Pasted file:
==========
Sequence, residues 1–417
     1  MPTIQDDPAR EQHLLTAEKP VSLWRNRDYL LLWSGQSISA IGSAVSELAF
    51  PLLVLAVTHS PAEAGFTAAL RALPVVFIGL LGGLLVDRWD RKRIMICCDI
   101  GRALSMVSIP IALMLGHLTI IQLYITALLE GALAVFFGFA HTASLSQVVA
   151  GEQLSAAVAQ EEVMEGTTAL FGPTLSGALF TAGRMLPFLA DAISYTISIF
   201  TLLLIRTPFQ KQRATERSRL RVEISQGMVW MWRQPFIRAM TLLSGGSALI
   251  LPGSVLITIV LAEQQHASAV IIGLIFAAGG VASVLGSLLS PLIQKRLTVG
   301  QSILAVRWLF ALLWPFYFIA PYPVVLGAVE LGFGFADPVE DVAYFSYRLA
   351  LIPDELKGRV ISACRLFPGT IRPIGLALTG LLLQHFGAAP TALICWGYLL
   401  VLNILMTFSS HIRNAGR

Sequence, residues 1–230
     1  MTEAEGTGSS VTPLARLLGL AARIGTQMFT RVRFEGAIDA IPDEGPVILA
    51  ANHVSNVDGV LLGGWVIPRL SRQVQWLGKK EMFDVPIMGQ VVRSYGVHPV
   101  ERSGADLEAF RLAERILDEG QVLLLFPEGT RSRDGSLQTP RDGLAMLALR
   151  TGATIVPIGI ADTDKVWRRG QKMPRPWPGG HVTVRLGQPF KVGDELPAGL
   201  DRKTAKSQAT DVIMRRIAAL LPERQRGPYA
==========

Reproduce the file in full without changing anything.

Sequence, residues 1–417
     1  MPTIQDDPAR EQHLLTAEKP VSLWRNRDYL LLWSGQSISA IGSAVSELAF
    51  PLLVLAVTHS PAEAGFTAAL RALPVVFIGL LGGLLVDRWD RKRIMICCDI
   101  GRALSMVSIP IALMLGHLTI IQLYITALLE GALAVFFGFA HTASLSQVVA
   151  GEQLSAAVAQ EEVMEGTTAL FGPTLSGALF TAGRMLPFLA DAISYTISIF
   201  TLLLIRTPFQ KQRATERSRL RVEISQGMVW MWRQPFIRAM TLLSGGSALI
   251  LPGSVLITIV LAEQQHASAV IIGLIFAAGG VASVLGSLLS PLIQKRLTVG
   301  QSILAVRWLF ALLWPFYFIA PYPVVLGAVE LGFGFADPVE DVAYFSYRLA
   351  LIPDELKGRV ISACRLFPGT IRPIGLALTG LLLQHFGAAP TALICWGYLL
   401  VLNILMTFSS HIRNAGR

Sequence, residues 1–230
     1  MTEAEGTGSS VTPLARLLGL AARIGTQMFT RVRFEGAIDA IPDEGPVILA
    51  ANHVSNVDGV LLGGWVIPRL SRQVQWLGKK EMFDVPIMGQ VVRSYGVHPV
   101  ERSGADLEAF RLAERILDEG QVLLLFPEGT RSRDGSLQTP RDGLAMLALR
   151  TGATIVPIGI ADTDKVWRRG QKMPRPWPGG HVTVRLGQPF KVGDELPAGL
   201  DRKTAKSQAT DVIMRRIAAL LPERQRGPYA